Potential complications from psoriasis include arthritis, pain, itchiness which can sometimes be severe and may lead to secondary skin infections, side effects from your treatment medicines, psychiatric or depression episodes because of your condition and even skin cancer from UV treatments. All of these can be discussed, and very often controlled, with ongoing evaluations and discussions with your dermatologist.
Some home-use tips include the use of non-drying, non-harsh soaps (sometimes anti-bacterial, deodorant soaps may be too drying for your skin) and when bathing, use cleansers in "strategic” areas only…armpits, groin, hands, and face and where you see dirt. It is not always necessary to lather the entire body every time you bathe. Regular, emollient cream/moisturizer applications to the trunk and extremities—more frequently in the often times drier winter months than the more humid summer months will aid in the prevention of dry skin with the subsequent tendency to scratch and potential flare your psoriasis. Mild UV exposure (even on a cloudy day) may help, but be careful not to sunburn as this can actually flare some psoriasis patients. Anti-stress and relaxation techniques may be a part of overall general well-being and may actually lessen your potential to flare.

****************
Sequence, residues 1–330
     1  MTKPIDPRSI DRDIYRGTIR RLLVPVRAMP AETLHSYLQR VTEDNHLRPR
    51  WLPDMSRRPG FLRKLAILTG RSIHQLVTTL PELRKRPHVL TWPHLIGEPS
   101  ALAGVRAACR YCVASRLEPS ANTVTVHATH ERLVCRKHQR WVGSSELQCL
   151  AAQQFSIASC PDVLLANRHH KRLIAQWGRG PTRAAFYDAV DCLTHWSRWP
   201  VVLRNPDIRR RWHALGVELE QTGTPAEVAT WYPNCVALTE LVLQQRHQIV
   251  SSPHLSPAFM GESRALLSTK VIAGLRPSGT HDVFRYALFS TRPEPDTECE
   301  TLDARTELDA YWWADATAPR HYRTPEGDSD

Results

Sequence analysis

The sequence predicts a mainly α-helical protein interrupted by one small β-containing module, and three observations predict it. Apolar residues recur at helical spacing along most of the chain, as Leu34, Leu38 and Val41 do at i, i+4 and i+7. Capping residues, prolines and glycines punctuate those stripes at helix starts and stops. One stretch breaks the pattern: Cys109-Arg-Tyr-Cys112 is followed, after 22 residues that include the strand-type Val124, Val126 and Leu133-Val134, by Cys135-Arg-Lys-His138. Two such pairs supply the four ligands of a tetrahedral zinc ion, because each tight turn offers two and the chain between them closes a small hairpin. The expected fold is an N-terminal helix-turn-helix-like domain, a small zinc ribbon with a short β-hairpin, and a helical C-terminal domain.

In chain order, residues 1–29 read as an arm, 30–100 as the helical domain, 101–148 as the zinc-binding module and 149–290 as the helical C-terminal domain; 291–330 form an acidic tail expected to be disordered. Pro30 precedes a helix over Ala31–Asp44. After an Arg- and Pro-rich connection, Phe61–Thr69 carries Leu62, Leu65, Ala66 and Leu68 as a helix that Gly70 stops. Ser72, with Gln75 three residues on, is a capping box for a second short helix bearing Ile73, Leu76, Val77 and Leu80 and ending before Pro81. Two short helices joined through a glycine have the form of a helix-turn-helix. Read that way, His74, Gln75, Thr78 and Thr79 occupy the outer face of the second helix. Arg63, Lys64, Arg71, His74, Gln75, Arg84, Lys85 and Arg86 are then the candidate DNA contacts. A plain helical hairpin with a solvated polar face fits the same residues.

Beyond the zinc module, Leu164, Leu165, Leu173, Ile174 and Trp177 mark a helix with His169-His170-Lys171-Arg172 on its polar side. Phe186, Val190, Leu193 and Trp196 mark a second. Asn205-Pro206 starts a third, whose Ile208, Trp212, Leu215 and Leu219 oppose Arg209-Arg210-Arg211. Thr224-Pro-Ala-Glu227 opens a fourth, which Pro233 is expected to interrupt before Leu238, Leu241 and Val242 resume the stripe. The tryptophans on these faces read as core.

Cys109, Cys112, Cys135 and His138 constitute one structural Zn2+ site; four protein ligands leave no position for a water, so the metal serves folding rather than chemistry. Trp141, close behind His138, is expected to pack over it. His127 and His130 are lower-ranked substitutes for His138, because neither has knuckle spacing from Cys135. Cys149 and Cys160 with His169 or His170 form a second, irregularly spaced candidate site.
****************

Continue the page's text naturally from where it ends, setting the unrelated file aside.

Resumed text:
For more information:
The National Psoriasis Foundation